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Home :: Archive :: 1997 :: December ::
Re: Queen Lr; Anti-Semitism; RSC Ham; Quotation
The Shakespeare Conference: SHK 8.1240.  Thursday, 18 December 1997.

[1]     From:   Steve Urkowitz <
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        Date:   Wednesday, 17 Dec 97 09:52:52 EST
        Subj:   Queen Lear

[2]     From:   Keith Richards <
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        Date:   Wednesday, 17 Dec 1997 13:53:51 -0500
        Subj:   SHK 8.1236 - Anti Semitism

[3]     From:   John Walsh <
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        Date:   Wednesday, 17 Dec 1997 11:35:37 -0500
        Subj:   Re: SHK 8.1235 Re: Current London Productions

[4]     From:   David Glassco <
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        Date:   Wednesday, 17 Dec 1997 15:12:30 -0500
        Subj:   Re: SHK 8.1237  Q: Quotation


[1]-----------------------------------------------------------------
From:           Steve Urkowitz <
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Date:           Wednesday, 17 Dec 97 09:52:52 EST
Subject:        Queen Lear

About eight years ago, director Omar Shapli worked out a production of
LEAR to use the talents of three very strong women in the City College
of New York's BFA Acting program.  At Lear's entry in 1.1, all three
came on, speaking the opening few lines chorally.  Then two stepped away
from stage center to take on the roles of Goneril and Regan.  Through
the rest of the play the actresses handed off the roles of Lear Goneril
and Regan by exchanging color-coded tunics.  Each of these remarkable
women had a chance to run through a range of challenges.

Because the "rules of the game" were clearly set in the opening moments,
audiences simply accepted this as a convention.

One of the classmates of the three women is now playing Desdemona to
Patrick Stewart's Othello in Washington.  Alas, the BFA program was fed
to the angry gods of budget during the first years of Governor Pataki's
stringencies in New York. Theatre (but not a professional preparatory
conservatory) continues at CCNY, serving and nurturing "the children of
all the people" after 150 years.

Steve Urkowitz SURCCcunyvm.cuny.edu

[2]-----------------------------------------------------------------
From:           Keith Richards <
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Date:           Wednesday, 17 Dec 1997 13:53:51 -0500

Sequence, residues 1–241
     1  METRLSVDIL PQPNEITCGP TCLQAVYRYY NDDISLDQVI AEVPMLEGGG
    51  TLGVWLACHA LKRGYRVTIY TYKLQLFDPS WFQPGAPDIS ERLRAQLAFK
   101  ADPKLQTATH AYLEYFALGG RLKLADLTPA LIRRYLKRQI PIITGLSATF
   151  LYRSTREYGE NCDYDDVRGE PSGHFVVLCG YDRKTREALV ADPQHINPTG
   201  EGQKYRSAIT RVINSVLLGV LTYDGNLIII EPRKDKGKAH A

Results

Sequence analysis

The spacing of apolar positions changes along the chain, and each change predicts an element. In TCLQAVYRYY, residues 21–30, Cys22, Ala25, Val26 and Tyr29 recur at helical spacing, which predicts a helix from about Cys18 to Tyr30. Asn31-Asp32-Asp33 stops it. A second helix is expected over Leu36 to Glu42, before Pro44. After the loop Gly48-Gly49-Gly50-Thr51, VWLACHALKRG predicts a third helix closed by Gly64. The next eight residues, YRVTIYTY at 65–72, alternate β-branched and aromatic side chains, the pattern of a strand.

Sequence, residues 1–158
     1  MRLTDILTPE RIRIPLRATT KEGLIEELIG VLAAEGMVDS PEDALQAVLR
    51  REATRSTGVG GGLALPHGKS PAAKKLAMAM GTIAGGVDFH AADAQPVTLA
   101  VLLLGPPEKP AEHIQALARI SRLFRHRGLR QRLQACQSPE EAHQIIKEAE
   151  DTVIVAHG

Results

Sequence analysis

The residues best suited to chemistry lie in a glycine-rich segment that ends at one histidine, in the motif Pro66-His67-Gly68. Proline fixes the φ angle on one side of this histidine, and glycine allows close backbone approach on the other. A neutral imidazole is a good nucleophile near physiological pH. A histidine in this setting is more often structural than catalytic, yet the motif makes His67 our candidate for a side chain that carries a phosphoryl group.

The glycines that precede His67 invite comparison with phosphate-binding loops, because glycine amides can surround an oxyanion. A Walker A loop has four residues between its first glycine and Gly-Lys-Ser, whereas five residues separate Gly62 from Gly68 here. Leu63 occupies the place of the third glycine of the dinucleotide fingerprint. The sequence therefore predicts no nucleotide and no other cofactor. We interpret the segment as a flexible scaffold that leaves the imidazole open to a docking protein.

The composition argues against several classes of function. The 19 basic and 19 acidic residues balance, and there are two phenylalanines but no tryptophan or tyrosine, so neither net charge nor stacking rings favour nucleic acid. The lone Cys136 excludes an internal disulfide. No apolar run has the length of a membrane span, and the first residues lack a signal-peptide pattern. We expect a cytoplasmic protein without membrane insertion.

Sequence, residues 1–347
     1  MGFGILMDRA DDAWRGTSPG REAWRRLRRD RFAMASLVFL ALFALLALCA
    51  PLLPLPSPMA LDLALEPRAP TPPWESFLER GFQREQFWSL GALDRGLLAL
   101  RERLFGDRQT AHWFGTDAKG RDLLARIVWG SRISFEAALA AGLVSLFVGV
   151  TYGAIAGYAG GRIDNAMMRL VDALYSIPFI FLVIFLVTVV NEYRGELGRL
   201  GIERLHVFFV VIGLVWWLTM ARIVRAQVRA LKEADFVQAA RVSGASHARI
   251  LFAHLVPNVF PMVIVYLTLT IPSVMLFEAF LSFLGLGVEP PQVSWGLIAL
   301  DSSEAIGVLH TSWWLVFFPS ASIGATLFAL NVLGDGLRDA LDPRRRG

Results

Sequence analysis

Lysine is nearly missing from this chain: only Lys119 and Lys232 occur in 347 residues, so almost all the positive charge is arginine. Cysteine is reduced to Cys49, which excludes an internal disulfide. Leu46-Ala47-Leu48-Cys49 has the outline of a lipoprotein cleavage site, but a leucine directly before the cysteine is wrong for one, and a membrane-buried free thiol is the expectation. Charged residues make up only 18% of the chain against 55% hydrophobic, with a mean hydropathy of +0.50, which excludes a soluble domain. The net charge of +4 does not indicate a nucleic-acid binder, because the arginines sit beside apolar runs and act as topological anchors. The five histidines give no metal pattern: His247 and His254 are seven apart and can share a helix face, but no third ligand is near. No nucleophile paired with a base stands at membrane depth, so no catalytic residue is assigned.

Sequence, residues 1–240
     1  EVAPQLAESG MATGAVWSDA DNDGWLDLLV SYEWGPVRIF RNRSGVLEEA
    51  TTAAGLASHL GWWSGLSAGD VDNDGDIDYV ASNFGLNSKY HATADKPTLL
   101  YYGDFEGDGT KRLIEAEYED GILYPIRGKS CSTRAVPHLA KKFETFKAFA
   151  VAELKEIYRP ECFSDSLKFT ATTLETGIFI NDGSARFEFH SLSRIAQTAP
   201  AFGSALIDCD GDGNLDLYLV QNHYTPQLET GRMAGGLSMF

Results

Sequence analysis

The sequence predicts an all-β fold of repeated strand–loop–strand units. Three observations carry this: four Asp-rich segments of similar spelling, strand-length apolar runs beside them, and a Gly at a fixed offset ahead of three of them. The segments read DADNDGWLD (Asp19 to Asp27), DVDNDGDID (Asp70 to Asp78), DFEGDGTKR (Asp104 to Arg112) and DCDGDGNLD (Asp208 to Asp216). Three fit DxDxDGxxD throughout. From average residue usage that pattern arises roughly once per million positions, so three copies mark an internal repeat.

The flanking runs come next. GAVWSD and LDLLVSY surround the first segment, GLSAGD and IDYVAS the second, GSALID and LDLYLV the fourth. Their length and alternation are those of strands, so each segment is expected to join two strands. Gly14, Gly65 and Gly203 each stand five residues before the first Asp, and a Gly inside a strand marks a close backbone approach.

Subject: - Anti Semitism
Comment:        SHK 8.1236 - Anti Semitism

Congratulations to Stevie Simkin for a successful production of _The Jew
of Malta_. One fact should, however, be noted.

While interpretive license is an integral part of what we all do, I
think that in this case it is important to keep in mind the historical
record.

Marlowe's plays, along with those of all other foreign dramatists (with
one notable exception), were banned under the Third Reich by 1939. The
only non-German dramatist to be staged after 1938 was, you guessed it,
Shakespeare. More or less his entire corpus was staged, including over
thirty productions of _The Merchant of Venice_.

Actually, before the ban went into effect, there had been only one
production of _The Jew Of Malta_ under the Nazis. The play, for many
reasons I think, did not work well to promote anti-Semitism. There are,
I think, many reasons for this - chiefly, though, I would argue that
it's completely over the top portrayal of what a Jew "is" can serve as a
Brechtian alienation effect, prompting critical reflection among an
audience composed of people who know Jews as friends, colleagues, and
neighbours. _The Merchant of Venice's_ more (conventionally) "humanized"
Shylock seems more plausible to swallow .

The best source that I know of for information on this topic is Joseph
Wulf (1964) _Theater und Film im Dritten Reich: Ein Dokumentation_.

Keith Richards
McGill University

[3]-----------------------------------------------------------------
From:           John Walsh <
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Date:           Wednesday, 17 Dec 1997 11:35:37 -0500
Subject: 8.1235 Re: Current London Productions
Comment:        Re: SHK 8.1235 Re: Current London Productions

Andreas Schlenger tells us:

>I learn from the RSC's online schedule that their Hamlet (starring Alex
>Jennings) is still on show in London. I've already seen this productions
>four times and wouldn't mind a fifth one. Don't miss it!

Is there any truth to the rumor that this production will come to New
York? I've nosed around the RSC site and found no news. Thanks, all!

PS -- Would anybody care to swap Shakespeare-related Web bookmarks? I've
got some good ones, but I know I'm missing something good out there.
Mail me privately if you like -- I'd rather not clog up the list with
this off-topic traffic.

[4]-----------------------------------------------------------------
From:           David Glassco <
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Date:           Wednesday, 17 Dec 1997 15:12:30 -0500
Subject: 8.1237  Q: Quotation
Comment:        Re: SHK 8.1237  Q: Quotation

> Joanne Walen wrote:
> This question was posed to me, and I didn't have an answer-except that I
> didn't think so. Can anyone help?
>
> Question:  Is the quote about the pot calling the kettle black from
> Shakespeare?  If so, do you know from which play?

It's not Shakespeare. Eric Partridge's amusing *Dictionary of Slang and
Unconventional English* suggests:

black arse.  a kettle; a pot : late C. 17--early 19. ... From the
proverb, 'the pot calls the kettle black arse', the last word has
disappeared (*pudoris causa*).

David Glassco
Trent University
Canada
 

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